A deep dive into... heatmaps
Chart types can sometimes be summarized into one iconic example. Think about the global warming hockey stick chart or the charts by Florence Nightingale, who even had a chart type named after her (#goals).
In the case of heatmaps, this iconic example for me would be this measles vaccination visualization, by The Wall Street Journal. The chart is very straightforward, and its strength lies in its simplicity: it shows the number of reported measle cases per 100k people, for every state in the US, throughout time. At one point on the date axis, we see annotation for when the vaccine was rolled out. The effect it has on the number of reported cases is undeniable.
This example uses everything that a heatmap is good at: it gives an initial view of the data and lets you explore information in a wide range. It shows patterns, trends, and correlations that give rise to further opportunities to show more specific data or identify outliers. It does this by letting you quickly skim the visual and by leading to where the action happens: at the highly saturated, bright colors that at one point quickly turn into muted and pale blues.
How does a heatmap work
Putting data into context
Almost unlike any other chart, a heatmap uses color to convey information. The color serves as a direct representation of the values. Using color is a very natural way of translating information to see patterns, trends, and correlations, but it’s less suited to support detailed analysis of the visualization. But that’s ok. One chart type should not solve all problems.
We can use a heatmap to get an initial view of the data and we can add a time axis to show how the values evolve over time. Although the message of the WSJ heatmap tells a strong story, a heatmap can be seen as an exploratory dataviz technique: it puts the data in context. If you want to compare values with each other and define how big one is compared to the other, it’s best to choose another chart type. A heatmap can serve as a perfect starting point to get the lay of the land and it gives hints on where to look in the data for outliers, other viewpoints, or specific angles. Combining a heatmap with other charts might be a good idea if your goal is to tell a more detailed story.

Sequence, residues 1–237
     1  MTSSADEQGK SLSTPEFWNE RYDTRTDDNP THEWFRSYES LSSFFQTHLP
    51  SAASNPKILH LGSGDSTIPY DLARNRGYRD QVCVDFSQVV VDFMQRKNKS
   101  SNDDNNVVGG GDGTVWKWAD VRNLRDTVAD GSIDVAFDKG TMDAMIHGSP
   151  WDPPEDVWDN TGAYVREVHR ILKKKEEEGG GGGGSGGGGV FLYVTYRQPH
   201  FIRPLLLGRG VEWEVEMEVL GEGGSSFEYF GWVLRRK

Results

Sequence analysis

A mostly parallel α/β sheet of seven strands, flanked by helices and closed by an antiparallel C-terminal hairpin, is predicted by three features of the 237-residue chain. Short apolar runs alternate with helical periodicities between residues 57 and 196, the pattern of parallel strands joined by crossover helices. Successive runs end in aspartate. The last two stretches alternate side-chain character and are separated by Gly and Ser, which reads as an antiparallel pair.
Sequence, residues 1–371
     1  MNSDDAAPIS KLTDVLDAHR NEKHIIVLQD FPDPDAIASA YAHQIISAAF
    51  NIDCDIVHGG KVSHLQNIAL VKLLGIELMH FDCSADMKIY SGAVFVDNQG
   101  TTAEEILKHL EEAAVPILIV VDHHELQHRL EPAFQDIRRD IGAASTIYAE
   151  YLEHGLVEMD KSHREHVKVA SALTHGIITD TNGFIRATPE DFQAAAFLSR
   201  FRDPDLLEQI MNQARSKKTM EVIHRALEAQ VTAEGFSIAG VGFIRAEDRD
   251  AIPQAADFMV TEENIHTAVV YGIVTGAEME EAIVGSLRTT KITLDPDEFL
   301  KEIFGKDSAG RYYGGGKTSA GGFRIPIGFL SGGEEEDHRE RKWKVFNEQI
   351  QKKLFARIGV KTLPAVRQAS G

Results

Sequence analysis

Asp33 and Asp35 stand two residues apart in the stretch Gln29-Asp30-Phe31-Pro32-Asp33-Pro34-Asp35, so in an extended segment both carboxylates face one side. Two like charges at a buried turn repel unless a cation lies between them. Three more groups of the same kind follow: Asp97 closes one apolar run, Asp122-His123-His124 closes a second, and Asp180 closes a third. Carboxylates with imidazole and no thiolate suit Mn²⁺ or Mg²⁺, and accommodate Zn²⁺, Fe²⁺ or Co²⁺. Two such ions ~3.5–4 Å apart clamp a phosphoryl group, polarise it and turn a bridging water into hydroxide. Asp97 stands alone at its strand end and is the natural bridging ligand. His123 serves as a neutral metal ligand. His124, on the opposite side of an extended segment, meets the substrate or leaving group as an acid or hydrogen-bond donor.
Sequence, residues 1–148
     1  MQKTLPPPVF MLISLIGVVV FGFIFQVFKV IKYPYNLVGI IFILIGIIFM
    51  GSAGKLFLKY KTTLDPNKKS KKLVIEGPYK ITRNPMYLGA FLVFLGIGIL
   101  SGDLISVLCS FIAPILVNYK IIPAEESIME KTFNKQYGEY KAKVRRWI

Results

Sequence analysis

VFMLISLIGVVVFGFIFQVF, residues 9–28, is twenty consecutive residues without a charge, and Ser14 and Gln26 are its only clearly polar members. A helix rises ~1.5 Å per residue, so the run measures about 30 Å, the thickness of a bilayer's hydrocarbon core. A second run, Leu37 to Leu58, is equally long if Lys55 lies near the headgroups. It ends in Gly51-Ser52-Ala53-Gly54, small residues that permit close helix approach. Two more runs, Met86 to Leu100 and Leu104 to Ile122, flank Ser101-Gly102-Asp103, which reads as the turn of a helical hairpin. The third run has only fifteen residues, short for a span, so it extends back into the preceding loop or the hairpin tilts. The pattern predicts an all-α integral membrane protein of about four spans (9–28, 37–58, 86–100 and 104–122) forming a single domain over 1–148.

Shapes of heatmaps
In our iconic measles chart, the heatmap has a tabular shape like a matrix. The Y-axis contains one or more categories that can be combined with either another categorical axis, a numerical axis, or - as said - with a date/time axis. It’s this matrix layout that makes it possible to find correlations in the data.
If you do want to add an extra layer of detail to your heatmap, you can add data labels to every ‘cell’ in the matrix. This also works the other way around: if you have a flat table or data sheet, adding a color layer to the values can instantly help the readability and comprehension of the data.
Apart from being a chart with a tabular/matrix layout, the term ‘heatmap’ is also used in cartography. In this case, the ‘map’ in ‘heatmap’, can be taken quite literally. A layer of color is placed on top of a map, to show the density of a value at a certain place or area.
This type of geographical heatmap is not to be confused with choropleth maps. In choropleth maps, colored regions correlate with geographic or artificial boundaries. The color shows a proportional value, like an average, for one of those delineated regions.